The world’s richest man Jeff Bezos was among chieftains of four of the world’s most powerful companies participating in an unprecedented US Congressional hearing yesterday. They answered charges of unfair business practices and illegally monopolizing the market.

The Congress ‘Subcommittee on Antitrust, Commercial, and Administrative Law’ held the bipartisan hearing involving Amazon founder Bezos, Facebook founder Mark Zuckerberg, Google CEO Sundar Pichai and Apple CEO Tim Cook.

This is the first time that heads of such powerful technology companies appeared together to face questions from elected leaders anywhere in the world. A 15-member panel of Republicans and Democrats interrogated them for five hours.

While the Democrat politicians targeted the Big Four on trade (mal) practices stifling competition, Republican Congressmen lashed out against political bias from social media giants. The virtual Congressional hearing through Webex video conferencing dealt with “Online Platforms and Market Power: Examining the Dominance of Amazon, Apple, Facebook and Google” – the culmination of a year-long House panel investigation.

The concern of unfair practices among the four “emperors of the online world’ deepens in a world increasingly dependent on the Internet for daily work and life. Calling the four tech-giants as gatekeepers to the digital economy, “these platforms enjoy the power to pick winners and losers, shake down small businesses and enrich themselves while choking off competitors,” said David Cicilline, chairman of the House Judiciary Committee’s antitrust subcommittee.

“Our founders would not bow before a king. Nor should we bow before the emperors of the online economy.” He pointed out how the four giants dominate the Internet world: Amazon in online shopping, Facebook in social media, Google in search and online advertising and Apple in smartphones and apps. And thanks to the coronavirus pandemic, he said, all four “are likely to emerge stronger and more powerful than ever before.”

Google, Facebook, Apple and Amazon already account for nearly $5 trillion in combined worth. They serve billions worldwide through email, Internet-dependent work, mobile phone use online shopping, social media, entertainment and more.

Rhode Island congressman and antitrust subcommittee chairman Cicilline spent his entire first five minute block of questions to grill Google’s Pichai. Google has already faced antitrust action from other countries. The European Commission last year fined Google about $1.7 billion (1.49 billion euros) for breaching EU antitrust rules.

Google under Pichai has also faced accusations of political bias, as evident in Google News search algorithms distinctly favouring one political party. The US Department of Justice also looks set to follow the EU example and sue Google over its advertising business. State attorneys general have also been investigating Google.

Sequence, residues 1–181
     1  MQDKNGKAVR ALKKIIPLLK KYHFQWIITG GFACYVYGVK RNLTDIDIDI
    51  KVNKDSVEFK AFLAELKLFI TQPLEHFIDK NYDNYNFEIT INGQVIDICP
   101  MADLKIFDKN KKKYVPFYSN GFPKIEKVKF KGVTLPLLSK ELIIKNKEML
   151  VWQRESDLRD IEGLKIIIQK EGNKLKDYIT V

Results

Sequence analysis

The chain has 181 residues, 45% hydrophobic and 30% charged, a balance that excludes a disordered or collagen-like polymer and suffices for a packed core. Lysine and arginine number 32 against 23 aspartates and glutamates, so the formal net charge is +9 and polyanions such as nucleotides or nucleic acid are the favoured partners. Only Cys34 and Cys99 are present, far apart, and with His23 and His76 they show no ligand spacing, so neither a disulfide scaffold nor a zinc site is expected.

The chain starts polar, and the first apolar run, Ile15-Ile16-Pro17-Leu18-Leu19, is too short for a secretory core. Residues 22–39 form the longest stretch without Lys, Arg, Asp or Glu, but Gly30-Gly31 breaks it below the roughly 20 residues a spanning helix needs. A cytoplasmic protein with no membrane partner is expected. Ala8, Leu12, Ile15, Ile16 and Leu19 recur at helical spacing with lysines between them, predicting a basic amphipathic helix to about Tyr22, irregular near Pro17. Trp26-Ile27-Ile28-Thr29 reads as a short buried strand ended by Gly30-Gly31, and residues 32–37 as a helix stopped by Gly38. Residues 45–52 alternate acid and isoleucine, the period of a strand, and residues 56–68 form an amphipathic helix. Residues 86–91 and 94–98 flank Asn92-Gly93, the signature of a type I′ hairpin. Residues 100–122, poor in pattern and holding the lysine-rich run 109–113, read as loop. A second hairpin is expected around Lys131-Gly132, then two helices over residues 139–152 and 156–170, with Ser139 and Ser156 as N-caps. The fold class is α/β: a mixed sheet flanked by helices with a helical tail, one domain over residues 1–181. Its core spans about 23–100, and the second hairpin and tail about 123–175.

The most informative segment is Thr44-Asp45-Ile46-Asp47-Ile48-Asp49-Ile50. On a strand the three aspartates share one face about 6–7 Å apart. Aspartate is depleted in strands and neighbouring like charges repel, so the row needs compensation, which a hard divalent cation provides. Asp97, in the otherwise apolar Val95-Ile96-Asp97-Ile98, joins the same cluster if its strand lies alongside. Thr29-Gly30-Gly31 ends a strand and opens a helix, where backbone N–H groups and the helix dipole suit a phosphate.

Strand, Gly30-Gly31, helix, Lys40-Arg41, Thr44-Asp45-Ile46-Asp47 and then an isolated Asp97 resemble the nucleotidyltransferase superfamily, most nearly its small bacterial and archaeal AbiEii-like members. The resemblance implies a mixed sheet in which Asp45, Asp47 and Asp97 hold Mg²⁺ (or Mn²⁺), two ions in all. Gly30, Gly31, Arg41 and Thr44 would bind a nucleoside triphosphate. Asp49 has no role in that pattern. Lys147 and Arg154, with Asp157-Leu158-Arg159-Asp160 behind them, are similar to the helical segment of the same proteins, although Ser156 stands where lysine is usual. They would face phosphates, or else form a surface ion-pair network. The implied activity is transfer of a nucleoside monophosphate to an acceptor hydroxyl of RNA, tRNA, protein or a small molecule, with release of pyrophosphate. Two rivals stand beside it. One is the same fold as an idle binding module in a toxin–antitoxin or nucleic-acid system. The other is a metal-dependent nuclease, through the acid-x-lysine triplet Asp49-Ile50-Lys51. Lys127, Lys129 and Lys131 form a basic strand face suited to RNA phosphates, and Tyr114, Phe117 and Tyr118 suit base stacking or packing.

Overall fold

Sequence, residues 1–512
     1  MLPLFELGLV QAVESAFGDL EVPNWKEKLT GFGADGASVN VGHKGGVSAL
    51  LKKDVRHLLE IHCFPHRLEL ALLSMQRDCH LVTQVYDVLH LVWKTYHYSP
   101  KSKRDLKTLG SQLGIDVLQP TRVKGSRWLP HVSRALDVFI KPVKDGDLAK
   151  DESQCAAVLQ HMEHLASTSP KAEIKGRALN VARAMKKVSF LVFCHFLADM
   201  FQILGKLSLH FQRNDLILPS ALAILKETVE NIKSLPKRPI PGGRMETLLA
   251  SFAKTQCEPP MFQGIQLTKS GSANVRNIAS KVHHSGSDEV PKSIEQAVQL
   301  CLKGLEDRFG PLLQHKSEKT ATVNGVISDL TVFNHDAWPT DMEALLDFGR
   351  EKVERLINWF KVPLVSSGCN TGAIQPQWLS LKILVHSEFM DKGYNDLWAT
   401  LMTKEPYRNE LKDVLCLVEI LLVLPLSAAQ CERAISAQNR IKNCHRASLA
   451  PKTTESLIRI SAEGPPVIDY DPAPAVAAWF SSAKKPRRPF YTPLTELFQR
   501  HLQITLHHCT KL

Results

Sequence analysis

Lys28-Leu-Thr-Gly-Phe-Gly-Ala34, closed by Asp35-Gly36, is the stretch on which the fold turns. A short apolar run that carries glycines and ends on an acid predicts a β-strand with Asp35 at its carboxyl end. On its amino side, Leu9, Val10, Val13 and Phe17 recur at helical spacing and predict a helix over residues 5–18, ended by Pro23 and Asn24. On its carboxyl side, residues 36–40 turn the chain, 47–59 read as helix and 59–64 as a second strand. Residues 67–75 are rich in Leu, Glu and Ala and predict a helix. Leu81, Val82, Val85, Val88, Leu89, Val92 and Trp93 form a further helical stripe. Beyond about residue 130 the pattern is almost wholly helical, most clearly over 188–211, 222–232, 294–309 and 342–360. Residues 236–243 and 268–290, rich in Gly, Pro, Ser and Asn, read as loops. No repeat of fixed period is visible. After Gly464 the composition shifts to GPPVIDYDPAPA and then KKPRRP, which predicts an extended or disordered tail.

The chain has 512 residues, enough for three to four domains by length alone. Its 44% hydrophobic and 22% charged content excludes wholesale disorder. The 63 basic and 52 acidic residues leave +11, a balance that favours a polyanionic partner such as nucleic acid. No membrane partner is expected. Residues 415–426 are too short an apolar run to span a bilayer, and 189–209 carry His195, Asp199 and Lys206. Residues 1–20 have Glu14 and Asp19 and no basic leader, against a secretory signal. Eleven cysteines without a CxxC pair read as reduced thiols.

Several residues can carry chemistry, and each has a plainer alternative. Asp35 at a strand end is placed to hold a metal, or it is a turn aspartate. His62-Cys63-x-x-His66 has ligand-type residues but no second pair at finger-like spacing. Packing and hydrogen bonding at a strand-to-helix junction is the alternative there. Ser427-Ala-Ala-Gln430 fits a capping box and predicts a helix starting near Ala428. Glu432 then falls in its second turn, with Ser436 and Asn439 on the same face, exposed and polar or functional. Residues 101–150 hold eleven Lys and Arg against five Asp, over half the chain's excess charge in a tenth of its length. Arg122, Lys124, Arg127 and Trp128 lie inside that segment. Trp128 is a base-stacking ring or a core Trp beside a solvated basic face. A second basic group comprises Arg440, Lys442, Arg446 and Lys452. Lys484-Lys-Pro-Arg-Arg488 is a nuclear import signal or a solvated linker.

The 36-year old multi-billionaire Zuckerberg and his Facebook too are no stranger to controversies. Accusations include copyright and intellectual property infringement, hate speech, incitement of rape and terrorism and electoral manipulation through content posted on Facebook.

The Congressional hearing followed the Judiciary subcommittee studying more than a million internal documents as testimony gathered from the four companies. The Congressional panel seeks to answer if new legislation is needed to replace old antitrust laws.

Not just the US, but other countries such as India will need legislation more in tune with current realities of e-commerce, social media and the Internet-dependent daily life of billions.

With its growing dominance in online commerce in US and India, Amazon and its founder Jeff Bezos have come under sharper scrutiny. Bezos since 2013 also owns the Washington Post newspaper. This is his first appearance in a Congressional hearing. Bezos had posted his autobiographical brief on social media prefacing his written Congressional testimony. He declared his origins as a “garage inventor” who cooked up the idea of an online bookstore Amazon in 1994. The “garage inventor” has since turned Amazon into a $1 trillion company and bagged a personal fortune worth estimated at $180 billion~ more than the GDP of many countries.

Democrat Congresswoman Pramila Jayapal asked Bezos on the subcommittee’s central concern about Amazon: does the company use the data it collects from other sellers on the platform for its benefit? “I can’t answer that question yes or no,” Bezos replied. “We have a policy against using seller-specific data to aid our private business, but I can’t guarantee you that that policy has never been violated.”

The four chieftains shared accusations of giving such evasive or even false answers. But whether they can continue evading legislative correction remains to be seen in the near and interesting future.